Federal judge blocks increase in fees for citizenship, immigration applications

The fee changes would have increased the cost to apply to become a U.S. citizen from $640 to $1,160 on Friday.

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U.S. District Judge Edmond E. Chang administers the oath during a naturalization ceremony at the Dirksen Federal Courthouse on Thursday, Sept. 17, 2020.

U.S. District Judge Edmond E. Chang administers the oath during a naturalization ceremony at the Dirksen Federal Courthouse on Thursday, Sept. 17, 2020.

Anthony Vazquez/Sun-Times

A federal judge in California ruled in favor of immigration groups, including the Illinois Coalition for Immigrant and Refugee Rights, who challenged a new rule that would have increased by 81% the cost to apply to become a U.S. citizen.

U.S. District Judge Jeffrey White granted a motion Tuesday that will stop U.S. Citizenship and Immigration Services from imposing the fee changes that were expected to go into effect Friday. Though the ruling was made in California, the decision calls for the fees to be blocked across the country pending the outcome of the lawsuit because of the various local and state governments that argued against the fee changes.

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USCIS declined to comment late Tuesday, saying the agency was reviewing the ruling on the temporary injunction.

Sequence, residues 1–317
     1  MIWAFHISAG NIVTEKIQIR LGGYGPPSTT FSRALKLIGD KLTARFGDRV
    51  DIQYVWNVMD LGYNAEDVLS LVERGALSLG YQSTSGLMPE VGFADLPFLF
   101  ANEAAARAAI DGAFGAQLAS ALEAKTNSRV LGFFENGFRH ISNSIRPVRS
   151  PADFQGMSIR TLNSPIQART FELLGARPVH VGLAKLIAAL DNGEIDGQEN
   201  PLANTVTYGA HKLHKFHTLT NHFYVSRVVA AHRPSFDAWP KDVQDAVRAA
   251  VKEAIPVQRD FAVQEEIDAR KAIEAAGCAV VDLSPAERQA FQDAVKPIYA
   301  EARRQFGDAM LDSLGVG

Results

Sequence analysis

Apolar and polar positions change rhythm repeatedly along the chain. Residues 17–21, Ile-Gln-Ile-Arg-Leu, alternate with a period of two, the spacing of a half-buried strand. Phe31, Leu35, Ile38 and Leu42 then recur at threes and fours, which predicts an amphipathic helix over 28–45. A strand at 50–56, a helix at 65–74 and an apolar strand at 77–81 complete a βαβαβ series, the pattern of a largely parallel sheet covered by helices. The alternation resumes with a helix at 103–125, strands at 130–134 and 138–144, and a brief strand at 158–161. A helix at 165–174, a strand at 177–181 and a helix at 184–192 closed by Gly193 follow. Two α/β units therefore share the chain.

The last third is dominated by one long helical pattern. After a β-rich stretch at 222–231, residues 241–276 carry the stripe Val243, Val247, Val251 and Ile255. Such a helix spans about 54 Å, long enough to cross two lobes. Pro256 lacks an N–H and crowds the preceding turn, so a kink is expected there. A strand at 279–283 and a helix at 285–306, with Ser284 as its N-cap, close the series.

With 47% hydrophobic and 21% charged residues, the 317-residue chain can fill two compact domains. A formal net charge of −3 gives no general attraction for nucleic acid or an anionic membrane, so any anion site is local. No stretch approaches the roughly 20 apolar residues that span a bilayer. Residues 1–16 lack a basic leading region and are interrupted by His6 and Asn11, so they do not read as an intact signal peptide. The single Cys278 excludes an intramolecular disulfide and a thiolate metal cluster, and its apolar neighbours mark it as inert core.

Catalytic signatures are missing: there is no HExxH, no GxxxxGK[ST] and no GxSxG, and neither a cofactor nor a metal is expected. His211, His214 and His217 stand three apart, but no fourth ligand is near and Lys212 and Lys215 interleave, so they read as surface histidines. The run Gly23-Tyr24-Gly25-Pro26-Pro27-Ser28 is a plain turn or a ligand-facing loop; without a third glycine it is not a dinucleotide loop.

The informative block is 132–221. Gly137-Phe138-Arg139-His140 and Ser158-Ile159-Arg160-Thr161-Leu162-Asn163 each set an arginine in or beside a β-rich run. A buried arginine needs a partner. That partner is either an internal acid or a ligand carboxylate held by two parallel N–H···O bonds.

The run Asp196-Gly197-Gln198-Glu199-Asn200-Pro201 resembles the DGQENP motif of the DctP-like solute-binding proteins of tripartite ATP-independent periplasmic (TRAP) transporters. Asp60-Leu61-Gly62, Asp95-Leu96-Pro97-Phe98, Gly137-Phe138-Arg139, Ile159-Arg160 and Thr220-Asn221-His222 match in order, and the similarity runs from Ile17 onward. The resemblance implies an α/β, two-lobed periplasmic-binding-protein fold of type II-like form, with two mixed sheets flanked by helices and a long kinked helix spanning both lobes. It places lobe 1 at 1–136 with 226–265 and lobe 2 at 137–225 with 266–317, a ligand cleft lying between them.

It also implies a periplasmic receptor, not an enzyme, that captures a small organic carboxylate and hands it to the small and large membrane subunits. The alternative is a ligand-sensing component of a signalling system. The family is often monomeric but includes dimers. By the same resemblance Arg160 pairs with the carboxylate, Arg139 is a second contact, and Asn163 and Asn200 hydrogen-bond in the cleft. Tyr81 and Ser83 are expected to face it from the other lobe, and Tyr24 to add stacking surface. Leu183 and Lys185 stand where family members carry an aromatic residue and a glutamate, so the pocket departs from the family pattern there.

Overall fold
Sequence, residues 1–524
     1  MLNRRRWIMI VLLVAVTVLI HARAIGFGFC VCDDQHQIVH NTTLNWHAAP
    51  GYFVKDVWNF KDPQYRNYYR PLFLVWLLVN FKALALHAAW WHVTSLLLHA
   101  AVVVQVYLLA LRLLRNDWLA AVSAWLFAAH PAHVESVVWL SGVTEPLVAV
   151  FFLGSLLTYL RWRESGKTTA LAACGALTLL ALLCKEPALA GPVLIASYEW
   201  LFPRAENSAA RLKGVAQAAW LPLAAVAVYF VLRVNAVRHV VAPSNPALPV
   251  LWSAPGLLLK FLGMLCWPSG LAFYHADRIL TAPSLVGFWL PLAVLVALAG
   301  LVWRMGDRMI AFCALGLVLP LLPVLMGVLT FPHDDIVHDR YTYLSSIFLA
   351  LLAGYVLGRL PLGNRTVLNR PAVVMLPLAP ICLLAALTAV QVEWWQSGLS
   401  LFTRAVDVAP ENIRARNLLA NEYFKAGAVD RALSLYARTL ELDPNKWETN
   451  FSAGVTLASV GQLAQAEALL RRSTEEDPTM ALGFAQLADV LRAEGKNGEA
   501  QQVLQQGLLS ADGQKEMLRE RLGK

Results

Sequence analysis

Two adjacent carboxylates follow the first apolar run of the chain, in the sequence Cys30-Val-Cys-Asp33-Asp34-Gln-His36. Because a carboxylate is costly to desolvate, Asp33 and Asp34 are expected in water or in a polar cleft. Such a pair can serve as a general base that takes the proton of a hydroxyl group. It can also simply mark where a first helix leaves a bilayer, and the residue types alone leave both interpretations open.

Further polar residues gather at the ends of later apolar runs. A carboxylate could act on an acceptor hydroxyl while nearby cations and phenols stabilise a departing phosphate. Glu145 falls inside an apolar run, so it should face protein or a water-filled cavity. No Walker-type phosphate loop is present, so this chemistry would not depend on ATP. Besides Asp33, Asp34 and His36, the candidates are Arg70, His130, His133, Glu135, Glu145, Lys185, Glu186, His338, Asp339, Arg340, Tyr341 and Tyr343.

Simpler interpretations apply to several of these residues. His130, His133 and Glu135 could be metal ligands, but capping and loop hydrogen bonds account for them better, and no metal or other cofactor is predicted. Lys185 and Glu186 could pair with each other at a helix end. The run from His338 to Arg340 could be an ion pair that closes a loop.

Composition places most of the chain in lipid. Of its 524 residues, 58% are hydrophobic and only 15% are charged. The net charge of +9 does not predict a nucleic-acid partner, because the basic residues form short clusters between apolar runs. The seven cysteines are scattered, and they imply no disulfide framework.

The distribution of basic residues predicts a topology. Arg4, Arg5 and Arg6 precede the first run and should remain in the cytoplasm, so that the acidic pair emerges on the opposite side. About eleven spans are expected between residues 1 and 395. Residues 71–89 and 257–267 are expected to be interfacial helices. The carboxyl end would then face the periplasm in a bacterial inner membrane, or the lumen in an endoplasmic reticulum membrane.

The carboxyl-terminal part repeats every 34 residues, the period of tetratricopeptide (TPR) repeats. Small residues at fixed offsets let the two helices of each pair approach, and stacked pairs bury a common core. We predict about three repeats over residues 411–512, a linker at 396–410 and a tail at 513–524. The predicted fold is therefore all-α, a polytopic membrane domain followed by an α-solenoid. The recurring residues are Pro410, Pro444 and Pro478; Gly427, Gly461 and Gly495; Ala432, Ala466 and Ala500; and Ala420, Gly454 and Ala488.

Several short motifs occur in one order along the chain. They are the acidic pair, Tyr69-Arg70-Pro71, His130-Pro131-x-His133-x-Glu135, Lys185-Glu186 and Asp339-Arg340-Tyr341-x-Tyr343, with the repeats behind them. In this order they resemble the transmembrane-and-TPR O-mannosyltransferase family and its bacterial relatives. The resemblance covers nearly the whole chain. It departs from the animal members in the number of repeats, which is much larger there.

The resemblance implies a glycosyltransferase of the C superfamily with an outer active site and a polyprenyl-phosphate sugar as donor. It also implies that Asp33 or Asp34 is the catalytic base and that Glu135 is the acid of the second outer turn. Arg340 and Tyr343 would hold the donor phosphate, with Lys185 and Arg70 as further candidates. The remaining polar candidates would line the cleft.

In the past couple of weeks, immigrants in the Chicago area have rushed to submit immigration applications before the government imposed the changes. The fee to apply for citizenship would have increased from $640 to $1,160.

Fred Tsao, of the Illinois Coalition for Immigrant and Refugee Rights, said Tuesday’s decision shows that the changes were poorly explained and “severely flawed.”

“This is a victory for all immigrants who aspire to citizenship but who would have been priced out under this fee schedule,” Tsao said in an email.

Last week, a virtual hearing was held to discuss the injunction. Samina Bharmal, an attorney representing the immigration groups, argued that Chad Wolf, the acting U.S. Secretary of Homeland Security, does not have the authority to implement the changes because of legal questions surrounding whether he was properly appointed to the post.

But the government defended Wolf’s appointment and argued the immigration groups were merely speculating about how much the changes would affect the groups’ finances.

The federal lawsuit filed by the immigration groups challenging the fee rule remains pending. The next hearing is scheduled for Dec. 4.

Elvia Malagón’s reporting on social justice and income inequality is made possible by a grant from the Chicago Community Trust.

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